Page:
Jeff Masters Weather Blog

Volcanoes emit carbon dioxide, but not nearly as much as humans » Yale Climate Connections

During an explosive eruption, volcanoes spew ash and gases into the stratosphere. Those gases can linger and affect the climate for several years.

Rosaly Lopes of NASA’s Jet Propulsion Laboratory says generally, volcanic eruptions cause global cooling.

Lopes: “The eruption of Tambora in 1815, that actually cooled the climate so significantly that in Europe, the year 1816 was called the year without a summer.”

The cooling is driven by sulfur dioxide in the upper atmosphere, which combines with water molecules to produce sulfuric acid. When that condenses, it forms aerosols that reflect the sun’s rays back to space.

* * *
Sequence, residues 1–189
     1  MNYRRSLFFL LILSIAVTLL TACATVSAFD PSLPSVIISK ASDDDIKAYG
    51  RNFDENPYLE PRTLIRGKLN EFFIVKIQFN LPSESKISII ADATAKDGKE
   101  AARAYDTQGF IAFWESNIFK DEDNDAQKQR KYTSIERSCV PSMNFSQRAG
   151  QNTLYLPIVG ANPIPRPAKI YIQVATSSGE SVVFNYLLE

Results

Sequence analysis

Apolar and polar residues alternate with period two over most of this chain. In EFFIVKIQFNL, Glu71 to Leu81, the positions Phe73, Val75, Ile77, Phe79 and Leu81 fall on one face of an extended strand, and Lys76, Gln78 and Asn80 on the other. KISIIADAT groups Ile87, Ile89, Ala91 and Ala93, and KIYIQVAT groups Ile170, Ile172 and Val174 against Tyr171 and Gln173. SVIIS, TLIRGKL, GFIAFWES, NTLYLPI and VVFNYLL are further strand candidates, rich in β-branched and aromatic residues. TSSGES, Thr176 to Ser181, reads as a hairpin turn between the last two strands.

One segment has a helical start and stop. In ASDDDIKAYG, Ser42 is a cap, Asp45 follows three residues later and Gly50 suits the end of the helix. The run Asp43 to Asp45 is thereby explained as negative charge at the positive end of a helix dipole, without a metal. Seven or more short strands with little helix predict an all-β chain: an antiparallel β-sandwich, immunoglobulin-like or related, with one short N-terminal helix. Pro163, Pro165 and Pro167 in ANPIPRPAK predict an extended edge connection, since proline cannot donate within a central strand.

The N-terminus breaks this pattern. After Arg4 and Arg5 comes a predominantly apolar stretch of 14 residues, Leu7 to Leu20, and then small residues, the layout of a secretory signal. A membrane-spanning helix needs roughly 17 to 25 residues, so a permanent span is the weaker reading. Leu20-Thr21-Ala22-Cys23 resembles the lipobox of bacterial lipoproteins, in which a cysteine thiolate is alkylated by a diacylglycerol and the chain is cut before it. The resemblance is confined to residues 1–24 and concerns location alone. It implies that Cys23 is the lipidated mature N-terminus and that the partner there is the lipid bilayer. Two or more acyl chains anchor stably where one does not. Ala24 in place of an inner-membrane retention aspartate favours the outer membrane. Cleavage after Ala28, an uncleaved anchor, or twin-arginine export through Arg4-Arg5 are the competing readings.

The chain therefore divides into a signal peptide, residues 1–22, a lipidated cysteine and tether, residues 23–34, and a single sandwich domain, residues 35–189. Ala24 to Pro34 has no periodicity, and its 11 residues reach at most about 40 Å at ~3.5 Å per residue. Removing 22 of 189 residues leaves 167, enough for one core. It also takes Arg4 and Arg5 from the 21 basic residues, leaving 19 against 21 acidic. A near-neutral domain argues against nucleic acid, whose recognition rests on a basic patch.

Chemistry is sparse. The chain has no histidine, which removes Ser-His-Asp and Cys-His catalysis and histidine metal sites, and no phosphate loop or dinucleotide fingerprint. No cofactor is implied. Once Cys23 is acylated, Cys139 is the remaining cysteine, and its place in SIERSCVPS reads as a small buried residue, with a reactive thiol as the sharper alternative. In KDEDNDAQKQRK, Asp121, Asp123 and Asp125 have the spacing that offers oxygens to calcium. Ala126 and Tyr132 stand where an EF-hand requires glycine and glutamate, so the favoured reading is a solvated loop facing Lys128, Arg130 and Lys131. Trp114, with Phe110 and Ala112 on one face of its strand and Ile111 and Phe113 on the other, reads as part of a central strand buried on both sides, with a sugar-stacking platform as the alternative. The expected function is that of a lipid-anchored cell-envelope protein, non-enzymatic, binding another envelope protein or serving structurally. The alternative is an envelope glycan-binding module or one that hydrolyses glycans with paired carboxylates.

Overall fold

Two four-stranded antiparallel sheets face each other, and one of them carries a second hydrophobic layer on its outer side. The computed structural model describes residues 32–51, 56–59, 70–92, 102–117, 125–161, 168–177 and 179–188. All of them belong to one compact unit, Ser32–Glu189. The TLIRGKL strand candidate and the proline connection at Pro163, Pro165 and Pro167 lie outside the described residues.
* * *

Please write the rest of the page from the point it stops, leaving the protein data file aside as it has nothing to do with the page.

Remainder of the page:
Lopes says volcanoes also emit carbon dioxide, which increases global warming, but only a relatively small amount — especially compared to human activities.

Lopes: “The 1980 eruption of Mount Saint Helens … released 10 million tons of CO2 into the atmosphere in the first eight or nine hours. But that amount is released by humans every two-and-a-half hours.”

So volcanoes are not causing today’s global warming.

Reporting credit: ChavoBart Digital Media

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